Behind the scenes of psychology

Jon Sutton reports from the British Psychological Society’s Psychology4Students 2017 event, held in Nottingham.

As it should be, this day was about inspiring the next generation of psychologists with stories, personal journeys to the heart of psychology, glimpses behind the scenes. And in the opening ‘not really a talk, more a demonstration of things I think are interesting’, from Phil Banyard on his Nottingham Trent University home turf, it was about (re)capturing a sense of wonder.

Banyard began with a promise that psychology deals with big questions. Who am I? Why do I think, feel and behave like this? And, in his own case, ‘“Where’s my exit?” – physically, mentally, emotionally, I need to know where my exit is.’ Thankfully Banyard is not exiting psychology just yet: in fact, he says that as he’s got older his sense of wonder has come back. If he’s not wondering about non-stick frying pans, he’s wondering about the gargoyles on medieval buildings in Europe. Where did the idea come from? Did people back then think they had seen them? A brilliant demonstration of ‘flashed face distortion’ suggests what lurks in the shadows of our visual systems can make ‘modern day gargoyles’ out of even the most attractive faces. Another demonstration showed how manipulating photos of our faces to mirror one side at a time can create composites with a very different feel. ‘Just play with psychology,’ Banyard concluded: ‘you can have a bit of fun with it.’ 

Stephen Gibson (York St John University) was up next, a fine example of how a footnote can become the whole story. For him, it was in Thomas Blass’s biography of Stanley Milgram, The Man Who Shocked the World. Across all his experiments, Blass had written, Milgram had a tape recorder running. His widow Alexandra had donated the tapes to the library at Yale. ‘If they’re gathering dust,’ Gibson thought, ‘maybe I could dust them off.’ It turned out that the tapes revealed a much more complex side to a well-known story. Milgram’s published work gives the impression that his ‘obedience’ studies were very standardised, through the use of six prods. Yet the tapes revealed staged consultation, additional deception, and language showing that this was no simple case of ‘following orders’. This is ‘the 50-year mistake’, Gibson says: Milgram’s studies do not show people obeying, they show people disobeying, arguing their way out of the experiment. ‘We need a revised definition of obedience,’ Gibson concluded, ‘one that doesn’t include that direct command. It’s more about submission to the requirements of an authority.’ Resisting the lure of authority himself, Gibson advised the audience to always question it, to ‘go behind the scenes’ of science.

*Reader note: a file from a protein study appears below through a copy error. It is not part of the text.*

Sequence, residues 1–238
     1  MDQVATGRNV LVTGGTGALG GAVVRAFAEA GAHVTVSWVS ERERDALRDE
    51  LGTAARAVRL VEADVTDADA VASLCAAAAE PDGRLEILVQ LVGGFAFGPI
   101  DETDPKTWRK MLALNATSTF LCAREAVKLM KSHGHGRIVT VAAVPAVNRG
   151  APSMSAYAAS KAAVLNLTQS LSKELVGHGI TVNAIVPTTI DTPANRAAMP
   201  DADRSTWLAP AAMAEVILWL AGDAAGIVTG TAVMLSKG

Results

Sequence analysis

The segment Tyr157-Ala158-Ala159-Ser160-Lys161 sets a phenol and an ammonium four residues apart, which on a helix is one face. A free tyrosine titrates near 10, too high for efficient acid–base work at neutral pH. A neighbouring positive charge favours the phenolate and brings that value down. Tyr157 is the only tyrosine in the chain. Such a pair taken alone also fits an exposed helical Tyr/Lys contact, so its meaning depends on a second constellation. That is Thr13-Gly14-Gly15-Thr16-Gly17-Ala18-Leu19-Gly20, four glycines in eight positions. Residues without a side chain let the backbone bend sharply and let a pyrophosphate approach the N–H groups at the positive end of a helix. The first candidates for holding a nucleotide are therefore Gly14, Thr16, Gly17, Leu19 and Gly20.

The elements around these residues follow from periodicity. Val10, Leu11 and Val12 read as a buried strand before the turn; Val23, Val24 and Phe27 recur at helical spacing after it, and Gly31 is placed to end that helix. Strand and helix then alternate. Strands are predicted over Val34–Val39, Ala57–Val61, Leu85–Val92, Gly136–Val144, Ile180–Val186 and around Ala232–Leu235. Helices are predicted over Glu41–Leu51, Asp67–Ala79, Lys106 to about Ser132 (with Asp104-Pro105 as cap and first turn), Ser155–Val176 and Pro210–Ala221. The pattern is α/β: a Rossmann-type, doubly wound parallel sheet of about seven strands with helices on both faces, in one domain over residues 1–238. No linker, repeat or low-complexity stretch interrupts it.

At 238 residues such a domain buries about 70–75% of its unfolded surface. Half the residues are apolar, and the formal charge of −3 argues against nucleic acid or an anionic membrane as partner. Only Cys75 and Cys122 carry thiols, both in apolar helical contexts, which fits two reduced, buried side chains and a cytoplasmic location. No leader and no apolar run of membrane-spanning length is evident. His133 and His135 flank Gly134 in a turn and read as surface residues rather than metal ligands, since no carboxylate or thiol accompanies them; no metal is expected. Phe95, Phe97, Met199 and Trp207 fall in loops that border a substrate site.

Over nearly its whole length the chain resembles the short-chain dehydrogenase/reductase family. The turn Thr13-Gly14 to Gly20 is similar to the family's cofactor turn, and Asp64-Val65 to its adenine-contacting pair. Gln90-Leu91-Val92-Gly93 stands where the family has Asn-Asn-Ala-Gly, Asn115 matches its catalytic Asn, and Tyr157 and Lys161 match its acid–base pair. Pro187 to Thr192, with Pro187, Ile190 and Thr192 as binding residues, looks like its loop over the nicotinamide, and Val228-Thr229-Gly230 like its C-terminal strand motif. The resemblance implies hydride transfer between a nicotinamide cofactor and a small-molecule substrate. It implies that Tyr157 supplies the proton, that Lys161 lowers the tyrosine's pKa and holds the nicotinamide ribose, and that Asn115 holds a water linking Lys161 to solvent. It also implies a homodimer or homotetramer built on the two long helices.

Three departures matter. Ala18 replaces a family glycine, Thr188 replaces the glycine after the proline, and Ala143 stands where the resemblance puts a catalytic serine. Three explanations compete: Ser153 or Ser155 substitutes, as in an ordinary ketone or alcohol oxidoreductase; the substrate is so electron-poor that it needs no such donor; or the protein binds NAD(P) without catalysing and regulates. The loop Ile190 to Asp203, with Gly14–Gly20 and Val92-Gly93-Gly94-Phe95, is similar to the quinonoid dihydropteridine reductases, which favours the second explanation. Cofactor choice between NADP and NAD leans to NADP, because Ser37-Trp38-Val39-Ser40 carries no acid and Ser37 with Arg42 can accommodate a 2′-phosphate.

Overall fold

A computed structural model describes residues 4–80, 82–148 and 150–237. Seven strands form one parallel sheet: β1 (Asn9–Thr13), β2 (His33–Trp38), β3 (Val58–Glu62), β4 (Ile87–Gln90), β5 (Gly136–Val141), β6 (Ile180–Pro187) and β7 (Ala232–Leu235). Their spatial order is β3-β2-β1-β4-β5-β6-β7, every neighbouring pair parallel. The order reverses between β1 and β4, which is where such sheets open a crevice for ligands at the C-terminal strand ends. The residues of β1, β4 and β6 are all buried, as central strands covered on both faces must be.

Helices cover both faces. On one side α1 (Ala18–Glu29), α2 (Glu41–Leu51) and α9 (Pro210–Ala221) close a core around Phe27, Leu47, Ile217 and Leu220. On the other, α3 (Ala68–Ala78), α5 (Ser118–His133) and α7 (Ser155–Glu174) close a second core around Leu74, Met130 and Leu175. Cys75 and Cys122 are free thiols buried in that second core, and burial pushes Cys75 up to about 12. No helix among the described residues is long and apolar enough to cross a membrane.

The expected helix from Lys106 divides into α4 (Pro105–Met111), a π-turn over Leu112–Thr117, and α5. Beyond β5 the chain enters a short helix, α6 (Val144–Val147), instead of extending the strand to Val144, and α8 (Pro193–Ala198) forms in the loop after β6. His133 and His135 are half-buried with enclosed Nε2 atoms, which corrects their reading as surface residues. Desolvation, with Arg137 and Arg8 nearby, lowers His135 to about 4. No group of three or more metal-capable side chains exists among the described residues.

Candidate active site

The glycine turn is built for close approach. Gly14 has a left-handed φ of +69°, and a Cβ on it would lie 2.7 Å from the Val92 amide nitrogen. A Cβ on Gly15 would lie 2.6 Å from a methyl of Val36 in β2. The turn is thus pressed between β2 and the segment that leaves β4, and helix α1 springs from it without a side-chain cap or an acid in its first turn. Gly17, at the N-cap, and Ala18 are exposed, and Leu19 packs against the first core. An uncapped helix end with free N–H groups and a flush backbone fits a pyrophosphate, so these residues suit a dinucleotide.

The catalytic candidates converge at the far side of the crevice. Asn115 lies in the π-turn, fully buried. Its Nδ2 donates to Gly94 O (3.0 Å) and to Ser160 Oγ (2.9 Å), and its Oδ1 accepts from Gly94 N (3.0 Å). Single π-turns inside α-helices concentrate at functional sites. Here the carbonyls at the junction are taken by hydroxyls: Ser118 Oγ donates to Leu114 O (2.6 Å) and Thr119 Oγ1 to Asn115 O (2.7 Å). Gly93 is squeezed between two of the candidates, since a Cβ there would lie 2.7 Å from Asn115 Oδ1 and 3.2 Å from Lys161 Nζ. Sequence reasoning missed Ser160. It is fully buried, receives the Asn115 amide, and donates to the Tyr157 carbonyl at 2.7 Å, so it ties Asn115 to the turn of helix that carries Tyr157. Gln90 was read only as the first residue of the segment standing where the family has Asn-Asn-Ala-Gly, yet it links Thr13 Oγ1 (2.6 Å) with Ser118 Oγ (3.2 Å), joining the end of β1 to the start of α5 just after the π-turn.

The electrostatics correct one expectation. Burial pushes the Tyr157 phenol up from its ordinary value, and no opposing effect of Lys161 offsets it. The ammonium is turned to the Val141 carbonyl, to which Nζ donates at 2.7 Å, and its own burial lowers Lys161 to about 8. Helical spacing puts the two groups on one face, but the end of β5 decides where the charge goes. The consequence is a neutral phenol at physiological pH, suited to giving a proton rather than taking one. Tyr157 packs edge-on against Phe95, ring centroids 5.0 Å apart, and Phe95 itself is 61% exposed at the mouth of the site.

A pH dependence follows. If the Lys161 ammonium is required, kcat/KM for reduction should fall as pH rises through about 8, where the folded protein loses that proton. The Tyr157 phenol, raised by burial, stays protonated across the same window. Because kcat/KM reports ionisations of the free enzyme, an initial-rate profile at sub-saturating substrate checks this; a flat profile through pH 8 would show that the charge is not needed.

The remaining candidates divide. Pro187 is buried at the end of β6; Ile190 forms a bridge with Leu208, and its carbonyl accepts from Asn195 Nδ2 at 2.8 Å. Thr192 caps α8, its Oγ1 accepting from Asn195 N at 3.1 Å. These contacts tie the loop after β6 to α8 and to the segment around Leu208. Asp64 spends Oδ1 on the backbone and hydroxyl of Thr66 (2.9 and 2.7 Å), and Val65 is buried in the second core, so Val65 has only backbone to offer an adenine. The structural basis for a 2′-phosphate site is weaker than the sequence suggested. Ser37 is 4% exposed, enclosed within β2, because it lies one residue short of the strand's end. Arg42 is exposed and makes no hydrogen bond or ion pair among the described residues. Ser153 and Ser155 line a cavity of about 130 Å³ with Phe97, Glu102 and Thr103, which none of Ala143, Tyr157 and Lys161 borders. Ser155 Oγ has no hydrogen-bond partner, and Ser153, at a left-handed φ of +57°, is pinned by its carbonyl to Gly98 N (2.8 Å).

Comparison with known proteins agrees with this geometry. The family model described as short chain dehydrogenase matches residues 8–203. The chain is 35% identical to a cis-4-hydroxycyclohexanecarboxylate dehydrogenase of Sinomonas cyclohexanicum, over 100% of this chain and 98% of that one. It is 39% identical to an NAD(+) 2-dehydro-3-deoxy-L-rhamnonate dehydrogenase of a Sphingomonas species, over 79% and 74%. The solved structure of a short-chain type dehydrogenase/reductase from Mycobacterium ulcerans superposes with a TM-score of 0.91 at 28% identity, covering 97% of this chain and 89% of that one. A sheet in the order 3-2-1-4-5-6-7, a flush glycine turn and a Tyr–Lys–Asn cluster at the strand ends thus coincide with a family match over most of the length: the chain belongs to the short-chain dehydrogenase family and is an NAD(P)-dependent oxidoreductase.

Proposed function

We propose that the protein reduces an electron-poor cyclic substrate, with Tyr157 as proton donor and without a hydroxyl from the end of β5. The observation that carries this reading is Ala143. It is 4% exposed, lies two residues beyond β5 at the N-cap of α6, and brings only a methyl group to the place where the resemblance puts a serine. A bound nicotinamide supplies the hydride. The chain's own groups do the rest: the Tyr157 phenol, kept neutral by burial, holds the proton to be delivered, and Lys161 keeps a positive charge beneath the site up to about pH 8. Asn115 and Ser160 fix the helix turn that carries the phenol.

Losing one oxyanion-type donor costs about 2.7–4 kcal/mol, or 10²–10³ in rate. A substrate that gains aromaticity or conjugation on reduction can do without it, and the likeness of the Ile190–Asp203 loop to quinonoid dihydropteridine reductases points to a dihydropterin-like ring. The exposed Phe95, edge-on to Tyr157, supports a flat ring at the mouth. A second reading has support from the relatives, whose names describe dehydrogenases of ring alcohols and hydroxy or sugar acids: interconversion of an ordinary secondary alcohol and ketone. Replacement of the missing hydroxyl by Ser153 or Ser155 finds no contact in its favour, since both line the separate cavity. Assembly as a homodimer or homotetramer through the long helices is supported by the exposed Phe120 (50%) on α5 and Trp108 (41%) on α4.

After lunch, Alison Torn (Leeds Trinity University) turned to ‘Bricolage: my career as a quilt maker’: a ‘patchwork career’ of different elements. An aspiring musician as a child, Torn said she ‘never wanted to be a psychologist, lecturer, researcher, manager, administrator.’ Plagued by impostor syndrome, she still reminds herself ‘I do stuff. Not stuff that’s going to launch me onto the world stage, but still important stuff that is going to change lives.’ Her life ‘patches’ included not being afraid to take risks – she had trained as a schoolteacher, but ‘hated it, right from the word go’; to ‘fake it til you become it’, which she happily admits doing when applying for her Head of Department role; don’t be afraid to say yes (but not too often! Stay focused on your goals); have the courage to be imperfect; and, most of all, be kind to yourself.’ ‘I’m a social constructionist,’ Torn concluded. ‘As human beings we are works in progress. Your career will not be the linear trajectory you think it might be – it’s yours to write.’

Finally, Tom Muskett (Leeds Beckett University) recounted ‘a personal journey into the heart of critical psychology’. ‘It’s not just my job, it’s my whole life,’ he admitted. In common with other speakers, he advised ‘a step back from how psychology is typically done’, or at the very least an awareness of how we may be creating ‘a particular kind of psychology’. Muskett’s background is in speech and language therapy, which sparked an interest around using critical approaches to rethink diagnoses such as autism. ‘I wanted some boxes and arrows to make sense of something about autism’: in particular, its stereotyped or repetitive speech and idiosyncratic language. Does the ‘seemingly automatic retrieval of odd words in the fluent speech of many verbal autistic individuals’ reflect a ‘disorganised’ conceptual system? When Muskett started looking at videos of hundreds of hours of interactions, he ‘started noticing things’. There was lots of evidence of children using language unusually, but no evidence of that having interactional consequences. ‘What’s the problem here?’ asked Muskett. Is it with the child, or with the adult who doesn’t ask what it all means? ‘Boom: we’ve gone critical!’ This move away from individualism and universalism, and from a deficit-focus, has been a cornerstone of new approaches to physical and intellectual disability. Muskett showed how it can also lead to changes in the student experience: with inclusive, community-based approaches to teaching.

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